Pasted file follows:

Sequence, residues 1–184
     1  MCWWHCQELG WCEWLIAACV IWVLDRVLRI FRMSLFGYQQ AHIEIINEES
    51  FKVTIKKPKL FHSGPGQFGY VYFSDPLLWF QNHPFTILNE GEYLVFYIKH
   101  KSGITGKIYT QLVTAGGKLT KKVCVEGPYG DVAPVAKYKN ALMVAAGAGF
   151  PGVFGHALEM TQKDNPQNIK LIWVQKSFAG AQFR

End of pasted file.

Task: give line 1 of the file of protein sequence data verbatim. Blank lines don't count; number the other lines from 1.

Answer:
Sequence, residues 1–184